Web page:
The Future Of Work
Don't Always Believe What You Read - It Isn't Clear
Last week, I wrote about the imbalance between Corporations and People in Corporations Might Be People. It was a US-centric piece, but I don’t think it is that different in many other countries.
Over on LinkedIn, Mark asked;
What is the continuum you see the future of work taking to this point?
I will get to that, but I have purposely not answered the question for now. In fact writing that article got me thinking more about where work is done and its overlap with where value is delivered.
We ‘all’ ‘generally’ live at ‘a place’ called ‘home’ and we ‘all’ ‘generally’ go to ‘work’ in ‘another building’.
In the ‘old’ days, we commuted to a place of work, selling our time to the tune of 40 hours per week. If you were at home, you weren’t working. If you were at work, you were 1. The advent of computers caused a significant imbalance in that equation, leading to the need for things like ‘Work-Life Balance’ - which is an altogether different topic that I have written about before and will avoid diving into now.
The challenge had been there for years and largely ignored until we found ourselves in a global pandemic, which over the past two years, resulted in a lot of people coming to realize that not everyone needs to be at their ‘place of work’ to ‘do their job’.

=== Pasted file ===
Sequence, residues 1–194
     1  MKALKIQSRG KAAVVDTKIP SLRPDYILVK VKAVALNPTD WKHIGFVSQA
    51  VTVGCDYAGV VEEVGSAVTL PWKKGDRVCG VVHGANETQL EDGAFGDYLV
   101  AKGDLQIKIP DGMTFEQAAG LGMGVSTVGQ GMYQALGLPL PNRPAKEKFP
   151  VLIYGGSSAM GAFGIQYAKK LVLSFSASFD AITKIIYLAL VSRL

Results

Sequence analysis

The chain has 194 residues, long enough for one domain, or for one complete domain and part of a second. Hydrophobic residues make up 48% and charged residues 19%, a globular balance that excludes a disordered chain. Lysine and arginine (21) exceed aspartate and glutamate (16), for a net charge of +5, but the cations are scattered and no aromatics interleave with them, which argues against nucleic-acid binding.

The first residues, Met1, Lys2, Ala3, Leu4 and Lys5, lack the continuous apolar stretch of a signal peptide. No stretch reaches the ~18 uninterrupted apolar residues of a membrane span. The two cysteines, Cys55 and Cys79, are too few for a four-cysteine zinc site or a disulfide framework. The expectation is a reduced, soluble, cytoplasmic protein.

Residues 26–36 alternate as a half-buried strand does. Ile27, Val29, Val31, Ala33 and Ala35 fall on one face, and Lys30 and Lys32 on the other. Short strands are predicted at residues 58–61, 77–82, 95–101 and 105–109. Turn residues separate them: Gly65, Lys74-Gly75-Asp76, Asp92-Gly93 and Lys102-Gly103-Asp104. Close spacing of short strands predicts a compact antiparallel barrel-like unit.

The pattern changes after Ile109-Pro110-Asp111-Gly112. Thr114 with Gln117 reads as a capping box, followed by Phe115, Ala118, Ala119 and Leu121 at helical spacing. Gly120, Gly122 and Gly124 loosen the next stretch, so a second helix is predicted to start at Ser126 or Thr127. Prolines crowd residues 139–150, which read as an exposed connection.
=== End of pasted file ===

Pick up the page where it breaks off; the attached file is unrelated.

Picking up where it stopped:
But, even in the ‘old’ days, it was accepted that some roles might require you not to be at your place of work to do your job and that hasn’t changed.
A salesperson for example. Do you want them sitting in your place of work or your customer’s place of work?
Many such roles don’t fit the status quo.
Many roles in all walks of life not only don’t necessitate you to be at a place of work, they require you to be elsewhere. How else does a taxi work? How would a plumber, or a dog walker do their work without the need to be elsewhere? So for some roles, we have come to expect that there is work that goes on that will take you ‘out of the office’.
But what are the ‘rules’?
This is why I don’t talk about where you spend your time - but rather where you create your value. Consider this simple matrix that explores
Where you work on the x-axis.
Where you deliver value on the y-axis.
The matrix can be used to map how you might typically think about the work you do and where you add value. I have thrown in some clear examples, like a ‘hairdresser’, who is typically at a place of work - but in fact, the value can be delivered anywhere.
But not so fast.
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